Life is the greatest gift that we’ve all been given. Each of us is imbued with a unique, divine purpose in this world, something only we can do, a change only we can make; life gives us the opportunity to live it. However, too often, we allow insecurity and self-doubt to wash over us, convincing us that change may be needed and there’s work to be done, but it’s best not to come from ourselves. In Parshat Shemot, we see Moshe Rabbeinu — the greatest leader of the Jewish People — grappling with such a debacle as he begins the journey of liberation.
The parsha details the devastation facing the Jewish People in Egypt: back-breaking enslavement, male babies murdered, and no end in sight. Moshe, however, is one baby who survives and is raised by Pharaoh’s daughter in the palace. As he grows older, he finds an Egyptian attacking a Jew, and roused by his sudden sense of justice, Moshe kills the assailant. After his actions are discovered, Moshe flees from Egypt. Eventually, as Moshe’s living his life a shepherd, Hashem appears to him and tells him that he will free the Jewish People from Egypt. Then, the Torah tells us, “And Moshe said to God, ‘Who am I that I should go to Pharaoh and free the Israelites from Egypt?’” (Shemot 3:11).
It’s striking to hear this from Moshe, a figure who embodies the very notion of leadership. However, he continues with this approach, offering four more objections to Hashem’s insistence. As the parsha continues, Moshe begins to step into his role, assuming the responsibilities that were laid out to him, but his initial resistance, and ultimate acceptance, touch upon an existential truth we all find ourselves facing.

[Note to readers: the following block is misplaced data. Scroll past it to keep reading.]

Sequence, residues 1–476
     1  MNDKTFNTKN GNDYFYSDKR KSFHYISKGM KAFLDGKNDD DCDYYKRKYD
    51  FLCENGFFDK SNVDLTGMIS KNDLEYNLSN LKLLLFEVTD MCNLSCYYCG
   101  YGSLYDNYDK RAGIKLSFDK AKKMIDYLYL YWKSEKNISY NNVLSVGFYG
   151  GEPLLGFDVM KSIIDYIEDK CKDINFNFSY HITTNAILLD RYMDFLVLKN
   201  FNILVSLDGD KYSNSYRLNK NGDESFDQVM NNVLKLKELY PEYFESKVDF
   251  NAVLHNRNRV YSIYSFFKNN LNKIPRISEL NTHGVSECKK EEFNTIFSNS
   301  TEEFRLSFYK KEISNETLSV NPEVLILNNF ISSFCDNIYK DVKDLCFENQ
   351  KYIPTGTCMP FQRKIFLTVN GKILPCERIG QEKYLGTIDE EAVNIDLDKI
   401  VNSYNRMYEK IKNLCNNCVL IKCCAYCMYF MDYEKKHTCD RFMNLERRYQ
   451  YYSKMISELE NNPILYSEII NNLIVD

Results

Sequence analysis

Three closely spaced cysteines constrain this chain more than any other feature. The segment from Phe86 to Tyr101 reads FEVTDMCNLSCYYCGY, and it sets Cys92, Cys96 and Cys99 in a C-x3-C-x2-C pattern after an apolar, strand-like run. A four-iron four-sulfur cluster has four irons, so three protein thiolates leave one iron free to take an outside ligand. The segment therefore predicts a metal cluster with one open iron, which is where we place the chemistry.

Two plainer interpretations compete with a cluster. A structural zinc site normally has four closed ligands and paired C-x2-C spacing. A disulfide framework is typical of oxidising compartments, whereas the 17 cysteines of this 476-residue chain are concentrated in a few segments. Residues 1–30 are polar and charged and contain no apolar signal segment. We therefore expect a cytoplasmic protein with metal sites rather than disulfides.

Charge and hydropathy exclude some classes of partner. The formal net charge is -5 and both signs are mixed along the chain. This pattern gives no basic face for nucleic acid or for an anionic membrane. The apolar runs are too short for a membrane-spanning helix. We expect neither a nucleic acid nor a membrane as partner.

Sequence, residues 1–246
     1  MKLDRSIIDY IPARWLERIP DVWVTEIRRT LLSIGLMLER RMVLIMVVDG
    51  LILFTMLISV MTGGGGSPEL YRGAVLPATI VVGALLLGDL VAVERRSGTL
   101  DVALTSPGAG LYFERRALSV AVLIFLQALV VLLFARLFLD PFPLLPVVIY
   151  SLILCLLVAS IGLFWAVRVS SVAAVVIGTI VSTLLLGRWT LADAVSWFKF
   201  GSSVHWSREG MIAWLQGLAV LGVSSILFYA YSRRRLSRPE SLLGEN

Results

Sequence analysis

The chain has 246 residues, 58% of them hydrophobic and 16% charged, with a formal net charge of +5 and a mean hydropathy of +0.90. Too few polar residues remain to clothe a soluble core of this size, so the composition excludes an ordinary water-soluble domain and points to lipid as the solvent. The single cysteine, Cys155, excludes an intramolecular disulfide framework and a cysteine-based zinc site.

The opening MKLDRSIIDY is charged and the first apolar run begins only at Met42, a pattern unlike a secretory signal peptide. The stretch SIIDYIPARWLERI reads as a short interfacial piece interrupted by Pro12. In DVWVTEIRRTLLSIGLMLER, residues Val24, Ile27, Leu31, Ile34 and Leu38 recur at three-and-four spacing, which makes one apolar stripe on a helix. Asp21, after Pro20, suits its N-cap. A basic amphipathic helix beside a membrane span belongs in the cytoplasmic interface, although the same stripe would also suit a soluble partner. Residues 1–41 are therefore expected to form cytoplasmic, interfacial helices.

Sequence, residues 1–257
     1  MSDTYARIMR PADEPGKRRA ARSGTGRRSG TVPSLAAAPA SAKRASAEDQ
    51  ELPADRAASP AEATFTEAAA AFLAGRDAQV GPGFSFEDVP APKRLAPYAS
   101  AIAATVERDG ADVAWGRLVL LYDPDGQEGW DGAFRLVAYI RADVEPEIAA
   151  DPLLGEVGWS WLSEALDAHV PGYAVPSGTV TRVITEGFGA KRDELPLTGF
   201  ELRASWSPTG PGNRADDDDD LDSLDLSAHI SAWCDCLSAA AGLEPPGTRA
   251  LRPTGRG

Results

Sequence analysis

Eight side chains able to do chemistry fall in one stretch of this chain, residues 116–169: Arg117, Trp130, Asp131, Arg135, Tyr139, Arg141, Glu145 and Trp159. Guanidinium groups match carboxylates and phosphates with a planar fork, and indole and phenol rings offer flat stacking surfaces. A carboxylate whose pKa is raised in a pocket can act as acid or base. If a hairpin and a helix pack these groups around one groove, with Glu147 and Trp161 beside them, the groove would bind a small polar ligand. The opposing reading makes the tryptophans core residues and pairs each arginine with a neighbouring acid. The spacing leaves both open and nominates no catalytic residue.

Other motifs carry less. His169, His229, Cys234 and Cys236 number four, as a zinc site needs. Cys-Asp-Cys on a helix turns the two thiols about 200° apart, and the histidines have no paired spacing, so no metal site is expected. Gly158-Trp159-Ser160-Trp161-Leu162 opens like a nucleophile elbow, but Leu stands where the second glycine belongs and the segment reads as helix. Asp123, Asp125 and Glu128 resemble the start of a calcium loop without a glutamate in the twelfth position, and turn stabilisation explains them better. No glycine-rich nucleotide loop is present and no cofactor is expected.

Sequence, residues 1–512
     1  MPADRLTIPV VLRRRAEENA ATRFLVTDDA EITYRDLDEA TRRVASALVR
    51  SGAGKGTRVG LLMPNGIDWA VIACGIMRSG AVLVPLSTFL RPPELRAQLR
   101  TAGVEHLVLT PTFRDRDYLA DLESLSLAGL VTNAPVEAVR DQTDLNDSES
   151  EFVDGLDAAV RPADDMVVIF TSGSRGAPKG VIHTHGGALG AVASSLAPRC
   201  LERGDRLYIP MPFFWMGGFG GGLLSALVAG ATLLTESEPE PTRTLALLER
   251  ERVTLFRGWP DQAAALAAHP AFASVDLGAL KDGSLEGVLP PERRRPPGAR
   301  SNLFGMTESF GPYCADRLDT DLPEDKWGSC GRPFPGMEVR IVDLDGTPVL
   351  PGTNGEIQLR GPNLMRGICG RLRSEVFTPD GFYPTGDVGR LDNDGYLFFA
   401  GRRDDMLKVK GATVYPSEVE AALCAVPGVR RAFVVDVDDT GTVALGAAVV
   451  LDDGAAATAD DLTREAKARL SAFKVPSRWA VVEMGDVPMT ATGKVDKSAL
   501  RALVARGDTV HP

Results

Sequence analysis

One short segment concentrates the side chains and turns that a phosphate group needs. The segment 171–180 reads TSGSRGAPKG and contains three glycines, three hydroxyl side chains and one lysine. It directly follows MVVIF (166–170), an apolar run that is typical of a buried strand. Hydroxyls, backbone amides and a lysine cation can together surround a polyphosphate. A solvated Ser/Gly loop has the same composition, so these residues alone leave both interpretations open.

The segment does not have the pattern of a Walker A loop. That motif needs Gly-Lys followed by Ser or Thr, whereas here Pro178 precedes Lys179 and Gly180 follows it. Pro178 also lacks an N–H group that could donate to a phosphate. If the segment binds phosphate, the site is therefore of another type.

“All people must understand that they are being called to serve in a way that is unique to their intellectual and emotional personalities, according to each person’s unique root soul,” Rav Kook writes. “In this world, which includes infinite worlds, one must find the treasure chest of one’s life… Indeed, when one walks down this secure path, one’s own unique trail, in a way of righteousness that is unique to oneself, one is filled with the strength of life and the joy of spirituality” (“Shmoneh Kevatzim” 4:6).
Thinking about Rav Kook’s words as they relate to Moshe Rabbeinu, we can suggest that the Torah’s depiction of Moshe struggling to find confidence in himself was him struggling to understand the unique way he was being called to serve in the world. This is best exemplified in his final plea to Hashem, “Please, O Lord, make someone else your agent” (Shemot 4:13). Sforno understands as much, commenting that Moshe wished Hashem would select one who was “naturally gifted” for the task, unlike him who had a speech impediment.
It’s inconceivable to imagine what the story of our freedom would have looked like had Moshe not been the one who led us out of Egypt, through the desert, and at the edge of Eretz Yisrael. Yet, in our own lives, we often devalue the significance we each have, the capabilities and potential woven into our upbringings, experiences, and talents. Every heartbeat, breath, and moment is a sign that the world needs us. Hashem calls upon each of us in our own ways to bring goodness into the world, to make the change that only we can make. We each have a unique path and purpose that’s paved just for us; it’s only waiting for us to walk through it.
 As translated by Rabbi Ari Ze’ev Schwartz in “The Spiritual Revolution of Rav Kook,” p. 18